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15 September 1993 Mechanism of dissolution inhibition in phenolic resins
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It was suggested in an earlier communication that dissolution inhibition in phenolic resins comes about through the blocking of some of the hydrophilic OH-groups by a hydrophobic effect of the inhibitors. Honda et al. have shown that the hydrophobicity of the additive is not a sufficient condition, and that the polar groups of the inhibitor, such as the diazoquinone function, play an important role in the inhibition effect. They found that additives with very similar skeletal structures, but differing in the polar anchor group, have very different inhibition efficiencies in a common novolac resin. In this study we investigate the interaction between phenols and the anchor groups of the inhibitors by determining the equilibrium constants of their association reaction. From this, the fraction of bound acceptor groups (inhibitors) can be estimated for the casting solution of the films at the point of solidification. It can be shown that this fraction correlates quite satisfactorily with the inhibition effect of the additives used in Honda's study.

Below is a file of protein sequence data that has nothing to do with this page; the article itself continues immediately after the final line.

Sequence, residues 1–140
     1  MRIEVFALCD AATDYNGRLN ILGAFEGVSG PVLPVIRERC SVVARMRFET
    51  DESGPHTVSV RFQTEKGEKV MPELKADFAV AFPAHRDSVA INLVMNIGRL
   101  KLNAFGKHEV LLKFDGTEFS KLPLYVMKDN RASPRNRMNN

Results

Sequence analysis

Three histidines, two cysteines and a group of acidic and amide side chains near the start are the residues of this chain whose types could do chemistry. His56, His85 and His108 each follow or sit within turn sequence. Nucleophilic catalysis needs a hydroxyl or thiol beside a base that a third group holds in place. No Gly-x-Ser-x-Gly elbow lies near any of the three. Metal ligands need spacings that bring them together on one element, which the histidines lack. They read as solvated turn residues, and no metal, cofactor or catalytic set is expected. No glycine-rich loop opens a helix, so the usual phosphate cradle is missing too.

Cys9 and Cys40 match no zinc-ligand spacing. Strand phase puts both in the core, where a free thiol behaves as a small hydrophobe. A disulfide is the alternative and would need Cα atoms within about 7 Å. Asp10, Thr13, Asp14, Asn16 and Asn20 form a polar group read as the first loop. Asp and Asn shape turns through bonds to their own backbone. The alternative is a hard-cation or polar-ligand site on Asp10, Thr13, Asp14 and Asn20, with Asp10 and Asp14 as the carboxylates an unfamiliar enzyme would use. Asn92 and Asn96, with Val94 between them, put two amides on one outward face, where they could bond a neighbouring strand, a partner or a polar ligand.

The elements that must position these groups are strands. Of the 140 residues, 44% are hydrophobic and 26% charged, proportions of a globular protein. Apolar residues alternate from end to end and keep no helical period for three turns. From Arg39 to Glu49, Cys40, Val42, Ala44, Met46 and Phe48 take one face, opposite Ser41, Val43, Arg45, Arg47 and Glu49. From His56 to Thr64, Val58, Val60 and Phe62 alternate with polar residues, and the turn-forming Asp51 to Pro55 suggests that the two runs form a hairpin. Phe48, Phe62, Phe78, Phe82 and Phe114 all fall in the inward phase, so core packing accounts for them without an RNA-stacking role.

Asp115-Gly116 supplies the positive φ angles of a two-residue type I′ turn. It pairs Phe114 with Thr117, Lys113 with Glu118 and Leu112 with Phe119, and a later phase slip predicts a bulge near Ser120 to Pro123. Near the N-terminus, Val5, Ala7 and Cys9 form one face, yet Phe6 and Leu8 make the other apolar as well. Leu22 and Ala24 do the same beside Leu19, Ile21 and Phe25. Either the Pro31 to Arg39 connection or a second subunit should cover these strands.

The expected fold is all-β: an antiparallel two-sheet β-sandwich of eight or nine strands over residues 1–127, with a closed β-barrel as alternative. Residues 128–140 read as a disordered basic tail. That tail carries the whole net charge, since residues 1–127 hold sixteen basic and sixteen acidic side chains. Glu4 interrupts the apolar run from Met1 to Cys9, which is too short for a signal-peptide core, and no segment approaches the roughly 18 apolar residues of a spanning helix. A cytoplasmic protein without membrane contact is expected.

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Chen-Chy Lin, Tung-Feng Yeh, Arnost Reiser, Kenji Honda, and Bernard T. Beauchemin Jr. "Mechanism of dissolution inhibition in phenolic resins", Proc. SPIE 1925, Advances in Resist Technology and Processing X, (15 September 1993);

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